Paris to Helena.
Attribution:
By Mr. Richard Duke
Attributed To:
Richard Duke
First Line:
When loose epistles violate chaste eyes
Page No:
pp.103-112
Poem Title:
Helen to Paris.
Attribution:
By the Right Honourable the Earl of Mulgrave, and Mr. Dryden
Attributed To:
John Sheffield
John Dryden
First Line:
To your Penelope at length break home
Page No:
pp.113-117
Poem Title:
Penelope to Ulysses.
Attribution:
By Mr. Rhymer
Attributed To:
Thomas Rymer
First Line:
Penelope this slow epistle sends
Page No:
pp.118-124
Poem Title:
Penelope to Ulysses.
Attribution:
By the honourable Mrs. Wharton
Attributed To:
Anne Wharton [nee Lee]
First Line:
Laden they say with Jason's golden prize
Page No:
pp.125-131
Poem Title:
Hypsipyle to Jason.
Attribution:
By Mr. Settle
Attributed To:
Elkanah Settle
First Line:
Yet I found leisure though a queen to free
Page No:
pp.132-139
Poem Title:
Medea to Jason.
Attribution:
By Mr. Tate
Attributed To:
Nahum Tate
First Line:
If thou art unkind I never shall health enjoy
Page No:
pp.140-146
Poem Title:
Phaedra to Hippolytus.
Attribution:
By Mr. Otway
Attributed To:
Thomas Otway
First Line:
So on Maeander's banks when death is nigh
Page No:
pp.147-154
Poem Title:
Dido to Aeneas.
Attribution:
By Mr. Dryden
Attributed To:
John Dryden
First Line:
So in unwonted notes when sure to die
Page No:
pp.155-162
Poem Title:
The Foregoing Epistle Of Dido to Aeneas.
Attribution:
By another hand
Attributed To:
Not attributed
First Line:
Captive Briseis in a foreign tongue
Page No:
pp.163-170
Poem Title:
Briseis to Achilles.
Attribution:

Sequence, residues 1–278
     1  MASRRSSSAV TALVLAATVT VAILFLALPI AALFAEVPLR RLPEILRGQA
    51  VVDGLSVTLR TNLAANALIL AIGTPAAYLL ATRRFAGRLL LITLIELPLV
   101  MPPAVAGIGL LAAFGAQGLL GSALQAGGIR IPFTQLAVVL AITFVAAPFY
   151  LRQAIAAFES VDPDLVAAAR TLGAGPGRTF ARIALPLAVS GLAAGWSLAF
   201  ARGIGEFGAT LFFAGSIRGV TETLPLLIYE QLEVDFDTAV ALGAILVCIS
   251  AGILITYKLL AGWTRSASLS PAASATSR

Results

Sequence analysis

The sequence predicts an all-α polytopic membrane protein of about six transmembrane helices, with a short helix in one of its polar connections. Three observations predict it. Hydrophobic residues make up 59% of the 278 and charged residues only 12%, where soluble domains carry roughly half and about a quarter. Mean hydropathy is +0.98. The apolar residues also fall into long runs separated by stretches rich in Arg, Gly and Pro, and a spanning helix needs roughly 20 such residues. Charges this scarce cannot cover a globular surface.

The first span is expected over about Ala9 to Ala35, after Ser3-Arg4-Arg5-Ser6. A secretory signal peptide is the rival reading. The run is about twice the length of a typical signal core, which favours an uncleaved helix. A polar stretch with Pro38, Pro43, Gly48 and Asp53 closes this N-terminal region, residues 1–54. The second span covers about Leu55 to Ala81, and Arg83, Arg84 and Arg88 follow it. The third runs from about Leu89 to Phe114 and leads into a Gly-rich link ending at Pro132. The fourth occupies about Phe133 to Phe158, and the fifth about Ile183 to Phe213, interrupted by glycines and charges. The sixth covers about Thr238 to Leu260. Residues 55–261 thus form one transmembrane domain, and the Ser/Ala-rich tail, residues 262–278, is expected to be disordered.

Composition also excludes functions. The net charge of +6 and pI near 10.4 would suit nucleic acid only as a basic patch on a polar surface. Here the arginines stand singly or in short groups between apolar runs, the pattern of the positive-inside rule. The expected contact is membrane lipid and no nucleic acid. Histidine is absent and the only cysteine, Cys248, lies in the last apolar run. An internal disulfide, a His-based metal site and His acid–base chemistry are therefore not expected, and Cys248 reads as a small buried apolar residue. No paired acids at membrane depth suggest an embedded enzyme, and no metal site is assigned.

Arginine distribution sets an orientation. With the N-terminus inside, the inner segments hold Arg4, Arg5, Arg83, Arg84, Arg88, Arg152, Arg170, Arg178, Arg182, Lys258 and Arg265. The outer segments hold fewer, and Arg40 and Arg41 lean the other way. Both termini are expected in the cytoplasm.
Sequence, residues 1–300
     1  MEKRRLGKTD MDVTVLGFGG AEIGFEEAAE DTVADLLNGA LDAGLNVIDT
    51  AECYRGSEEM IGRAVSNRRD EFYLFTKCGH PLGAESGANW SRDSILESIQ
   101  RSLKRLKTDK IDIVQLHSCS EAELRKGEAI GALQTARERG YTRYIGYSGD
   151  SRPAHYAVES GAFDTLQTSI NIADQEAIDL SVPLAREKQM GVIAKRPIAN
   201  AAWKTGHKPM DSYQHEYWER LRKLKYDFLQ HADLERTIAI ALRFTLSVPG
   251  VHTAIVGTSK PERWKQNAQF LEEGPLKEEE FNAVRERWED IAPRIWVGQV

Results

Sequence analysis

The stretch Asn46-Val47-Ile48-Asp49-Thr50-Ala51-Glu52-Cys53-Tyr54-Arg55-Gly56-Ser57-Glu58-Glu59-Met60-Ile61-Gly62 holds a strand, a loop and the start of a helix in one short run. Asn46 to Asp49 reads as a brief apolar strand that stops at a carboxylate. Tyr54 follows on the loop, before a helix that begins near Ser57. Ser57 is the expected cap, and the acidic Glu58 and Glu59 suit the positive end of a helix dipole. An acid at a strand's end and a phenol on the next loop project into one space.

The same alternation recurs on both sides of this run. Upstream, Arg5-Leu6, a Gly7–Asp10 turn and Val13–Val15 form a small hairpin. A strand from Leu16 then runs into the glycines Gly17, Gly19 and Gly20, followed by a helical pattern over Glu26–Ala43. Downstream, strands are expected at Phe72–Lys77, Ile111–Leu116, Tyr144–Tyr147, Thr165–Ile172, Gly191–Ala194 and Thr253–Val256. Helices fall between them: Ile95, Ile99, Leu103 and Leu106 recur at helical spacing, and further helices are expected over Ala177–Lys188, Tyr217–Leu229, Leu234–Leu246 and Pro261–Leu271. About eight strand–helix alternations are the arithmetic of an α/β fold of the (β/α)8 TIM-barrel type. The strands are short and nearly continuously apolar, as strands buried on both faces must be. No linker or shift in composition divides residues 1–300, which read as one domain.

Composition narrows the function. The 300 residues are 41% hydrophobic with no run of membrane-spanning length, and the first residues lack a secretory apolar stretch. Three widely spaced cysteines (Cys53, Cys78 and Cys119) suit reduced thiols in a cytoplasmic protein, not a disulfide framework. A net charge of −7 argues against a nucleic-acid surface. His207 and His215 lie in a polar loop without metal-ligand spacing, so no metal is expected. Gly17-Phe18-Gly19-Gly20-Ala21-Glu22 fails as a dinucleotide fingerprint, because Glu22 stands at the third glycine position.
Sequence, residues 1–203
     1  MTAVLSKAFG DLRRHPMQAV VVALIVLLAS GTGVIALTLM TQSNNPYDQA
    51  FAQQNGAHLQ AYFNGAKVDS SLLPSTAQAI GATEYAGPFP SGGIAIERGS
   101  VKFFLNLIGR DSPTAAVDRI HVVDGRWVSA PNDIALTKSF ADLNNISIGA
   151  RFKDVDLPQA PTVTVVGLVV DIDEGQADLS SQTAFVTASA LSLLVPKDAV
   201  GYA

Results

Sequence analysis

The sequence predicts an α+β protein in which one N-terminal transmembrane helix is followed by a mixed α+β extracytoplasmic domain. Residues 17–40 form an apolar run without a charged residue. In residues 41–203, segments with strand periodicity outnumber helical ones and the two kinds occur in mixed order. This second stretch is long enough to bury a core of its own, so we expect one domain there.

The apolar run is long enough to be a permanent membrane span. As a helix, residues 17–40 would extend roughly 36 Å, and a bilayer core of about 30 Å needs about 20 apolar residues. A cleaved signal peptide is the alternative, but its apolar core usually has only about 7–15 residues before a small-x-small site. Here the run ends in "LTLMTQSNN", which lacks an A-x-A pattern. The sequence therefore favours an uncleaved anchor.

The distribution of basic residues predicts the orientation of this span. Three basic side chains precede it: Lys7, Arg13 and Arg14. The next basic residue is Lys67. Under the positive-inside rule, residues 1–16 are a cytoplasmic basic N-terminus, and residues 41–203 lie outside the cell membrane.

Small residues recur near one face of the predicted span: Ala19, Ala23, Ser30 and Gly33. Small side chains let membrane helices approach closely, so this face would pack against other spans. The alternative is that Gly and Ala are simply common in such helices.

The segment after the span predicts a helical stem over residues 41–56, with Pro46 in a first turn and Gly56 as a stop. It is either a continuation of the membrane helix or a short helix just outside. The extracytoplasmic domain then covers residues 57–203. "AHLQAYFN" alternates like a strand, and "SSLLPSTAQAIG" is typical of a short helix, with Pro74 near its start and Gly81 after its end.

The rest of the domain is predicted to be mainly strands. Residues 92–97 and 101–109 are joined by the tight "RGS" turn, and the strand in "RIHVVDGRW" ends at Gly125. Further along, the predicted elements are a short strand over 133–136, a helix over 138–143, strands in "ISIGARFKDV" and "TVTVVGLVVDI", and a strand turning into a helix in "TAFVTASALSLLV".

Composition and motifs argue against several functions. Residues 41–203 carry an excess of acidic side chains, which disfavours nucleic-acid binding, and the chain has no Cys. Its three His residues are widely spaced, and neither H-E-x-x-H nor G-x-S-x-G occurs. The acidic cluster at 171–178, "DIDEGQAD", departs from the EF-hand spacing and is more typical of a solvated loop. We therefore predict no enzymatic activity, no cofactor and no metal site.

By Sir John Caryl.
Attributed To:
John Caryll
First Line:
In your late triumphs I rejoice and share
Page No:
pp.171-180
Poem Title:
Dejanira to Hercules.
Attribution:
By Mr. Oldmixon
Attributed To:
John Oldmixon
First Line:
I'm pleased with the success your valour gave
Page No:
pp.181-186
Poem Title:
Deianira to Hercules.
Attribution:
By another hand
Attributed To:
Not attributed
First Line:
Read boldly this here you shall swear no more
Page No:
pp.187-195
Poem Title:
Acontius to Cydippe.
Attribution:
By Mr. R. Duke
Attributed To:
Richard Duke
First Line:
In silent fear I read your letter over
Page No:
pp.196-200
Poem Title:
Cydippe Her Answer to Acontius.
Attribution:
By Mr. Butler
Attributed To:
Samuel Butler
First Line:
Chance does at last let sad Ulysses see
Page No:
p.203-208
Poem Title:
Epist. I. Ulysses to Penelope.
Attribution:
"Made English by Mr. Salusbury", title page of 'The three epistles of Aulus Sabinus'
Attributed To:
Mr. Salusbury
First Line:
While this is from recovered Athens sent
Page No:
pp.209-213
Poem Title:
Epist. II. Demophoon to Phillis.
Attribution:
"Made English by Mr. Salusbury", title page of 'The three epistles of Aulus Sabinus'
Attributed To:
Mr. Salusbury
First Line:
While you of me so justly nymph complain
Page No:
pp.214-218
Poem Title:
Epist. III. Paris to Oenone.
Attribution:
"Made English by Mr. Salusbury", title page of 'The three epistles of Aulus Sabinus'
Attributed To:
Mr. Salusbury
First Line:
For mighty wars I thought to tune my lute
Page No:
pp.221-222
Poem Title:
Elegy I.
Attribution:
By Mr. Dryden